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Spatial Dynamic Modeling and Urban Land Use Transformation:

Listed author(s):
  • Deal, Brian

    (Department of Urban and Regional Planning)

  • Schunk, Daniel


    (University of Zürich Institute for Empirical Research in Economics)

Assessing the economic impacts of urban land use transformation has become complex and acrimonious. Although community planners are beginning to comprehend the economic trade-offs inherent in transforming the urban fringe, they find it increasingly difficult to analyze and assess the trade-offs expediently and in ways that can influence local decisionmaking. New and sophisticated spatial modeling techniques are now being applied to urban systems that can quickly assess the probable spatial outcomes of given communal policies. Applying an economic impact assessment to the probable spatial patterns can provide to planners the tools needed to quickly assess scenarios for policy formation that will ultimately help inform decision makers. This paper focuses on the theoretical underpinnings and practical application of an economic impact analysis submodel developed within the Land use Evolution and Impact Assessment Modeling (LEAM) environment. The conceptual framework of LEAM is described, followed by an application of the model to the assessment of the cost of urban sprawl in Kane County, Illinois. The results show the effectiveness of spatially explicit modeling from a theoretical and a practical point of view. The agent-based approach of spatial dynamic modeling with a high spatial resolution allows for discerning the macro-level implications of micro-level behaviors. These phenomena are highlighted in the economic submodel in the discussion of the implications of land use change decisions on individual and communal costs; low-density development patterns favoring individual behaviors at the expense of the broader community.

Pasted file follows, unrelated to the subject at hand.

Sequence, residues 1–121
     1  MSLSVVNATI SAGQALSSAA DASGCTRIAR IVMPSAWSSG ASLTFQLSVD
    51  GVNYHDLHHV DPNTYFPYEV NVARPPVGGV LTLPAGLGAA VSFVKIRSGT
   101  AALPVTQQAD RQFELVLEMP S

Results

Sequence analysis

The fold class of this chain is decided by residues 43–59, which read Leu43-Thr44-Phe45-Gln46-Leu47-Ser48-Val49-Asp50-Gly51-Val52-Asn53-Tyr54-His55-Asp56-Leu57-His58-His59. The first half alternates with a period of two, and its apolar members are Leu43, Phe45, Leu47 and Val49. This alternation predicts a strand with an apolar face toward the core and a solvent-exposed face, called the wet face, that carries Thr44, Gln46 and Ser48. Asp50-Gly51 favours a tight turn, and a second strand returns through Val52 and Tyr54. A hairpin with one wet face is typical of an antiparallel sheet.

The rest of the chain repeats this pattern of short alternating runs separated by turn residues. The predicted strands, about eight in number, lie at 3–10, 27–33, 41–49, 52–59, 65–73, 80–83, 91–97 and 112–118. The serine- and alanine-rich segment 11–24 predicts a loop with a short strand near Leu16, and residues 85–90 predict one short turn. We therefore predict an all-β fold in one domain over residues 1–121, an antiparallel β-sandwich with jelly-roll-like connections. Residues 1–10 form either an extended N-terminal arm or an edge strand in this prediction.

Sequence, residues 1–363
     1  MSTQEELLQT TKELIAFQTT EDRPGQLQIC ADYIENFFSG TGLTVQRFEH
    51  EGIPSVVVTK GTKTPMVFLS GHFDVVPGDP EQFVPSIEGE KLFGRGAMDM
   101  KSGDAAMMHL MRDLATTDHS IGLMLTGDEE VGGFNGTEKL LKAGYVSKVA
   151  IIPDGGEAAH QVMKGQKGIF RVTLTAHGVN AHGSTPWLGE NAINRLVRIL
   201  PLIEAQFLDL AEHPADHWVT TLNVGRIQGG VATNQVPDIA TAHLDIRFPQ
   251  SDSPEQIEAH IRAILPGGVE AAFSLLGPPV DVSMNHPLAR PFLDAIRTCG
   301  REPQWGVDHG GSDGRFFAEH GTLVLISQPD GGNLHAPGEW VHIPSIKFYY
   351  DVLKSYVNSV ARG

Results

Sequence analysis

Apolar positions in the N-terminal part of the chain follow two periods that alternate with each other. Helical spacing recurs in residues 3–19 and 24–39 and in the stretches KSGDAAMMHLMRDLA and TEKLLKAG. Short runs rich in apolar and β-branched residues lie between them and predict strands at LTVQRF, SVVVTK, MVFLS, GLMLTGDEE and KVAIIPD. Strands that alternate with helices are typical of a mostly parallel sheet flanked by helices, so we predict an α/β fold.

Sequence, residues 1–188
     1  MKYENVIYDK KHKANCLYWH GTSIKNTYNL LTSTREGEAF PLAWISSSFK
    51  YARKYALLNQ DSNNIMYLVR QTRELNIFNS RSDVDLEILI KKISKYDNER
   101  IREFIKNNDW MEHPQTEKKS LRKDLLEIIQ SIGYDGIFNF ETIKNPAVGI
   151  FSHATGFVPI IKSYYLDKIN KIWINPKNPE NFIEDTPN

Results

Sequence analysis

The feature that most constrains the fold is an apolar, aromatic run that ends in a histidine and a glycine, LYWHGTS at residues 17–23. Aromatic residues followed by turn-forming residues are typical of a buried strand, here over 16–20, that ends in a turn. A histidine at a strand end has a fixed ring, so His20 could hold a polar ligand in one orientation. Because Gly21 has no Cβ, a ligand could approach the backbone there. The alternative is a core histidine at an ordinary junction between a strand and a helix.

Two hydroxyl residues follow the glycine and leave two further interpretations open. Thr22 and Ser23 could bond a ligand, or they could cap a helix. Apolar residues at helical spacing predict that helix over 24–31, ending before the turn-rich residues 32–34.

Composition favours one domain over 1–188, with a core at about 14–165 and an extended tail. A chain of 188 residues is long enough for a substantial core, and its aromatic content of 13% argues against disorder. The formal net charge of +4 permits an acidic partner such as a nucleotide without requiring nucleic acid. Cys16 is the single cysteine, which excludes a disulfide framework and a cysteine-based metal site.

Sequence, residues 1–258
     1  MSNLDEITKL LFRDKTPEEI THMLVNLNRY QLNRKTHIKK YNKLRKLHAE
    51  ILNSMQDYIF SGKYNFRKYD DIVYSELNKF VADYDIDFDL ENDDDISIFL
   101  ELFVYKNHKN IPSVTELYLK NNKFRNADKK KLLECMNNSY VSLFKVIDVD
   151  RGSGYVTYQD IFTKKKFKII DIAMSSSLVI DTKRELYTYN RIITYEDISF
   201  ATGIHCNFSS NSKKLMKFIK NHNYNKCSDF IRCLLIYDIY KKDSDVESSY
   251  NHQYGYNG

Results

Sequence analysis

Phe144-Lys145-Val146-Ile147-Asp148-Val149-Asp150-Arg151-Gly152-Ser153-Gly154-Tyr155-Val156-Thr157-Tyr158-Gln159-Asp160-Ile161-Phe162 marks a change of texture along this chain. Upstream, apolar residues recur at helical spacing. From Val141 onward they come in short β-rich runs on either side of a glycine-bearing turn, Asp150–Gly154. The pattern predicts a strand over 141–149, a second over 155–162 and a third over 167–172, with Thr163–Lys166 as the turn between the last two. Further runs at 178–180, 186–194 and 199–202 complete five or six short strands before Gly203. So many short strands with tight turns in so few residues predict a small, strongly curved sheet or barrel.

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Paper provided by Sonderforschungsbereich 504, Universität Mannheim & Sonderforschungsbereich 504, University of Mannheim in its series Sonderforschungsbereich 504 Publications with number 03-22.

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Length: 28 pages
Date of creation: 01 Aug 2003
Handle: RePEc:xrs:sfbmaa:03-22
Note: We greatly acknowledge the support of this work by a grant from the National Science Foundation. Any opinions,
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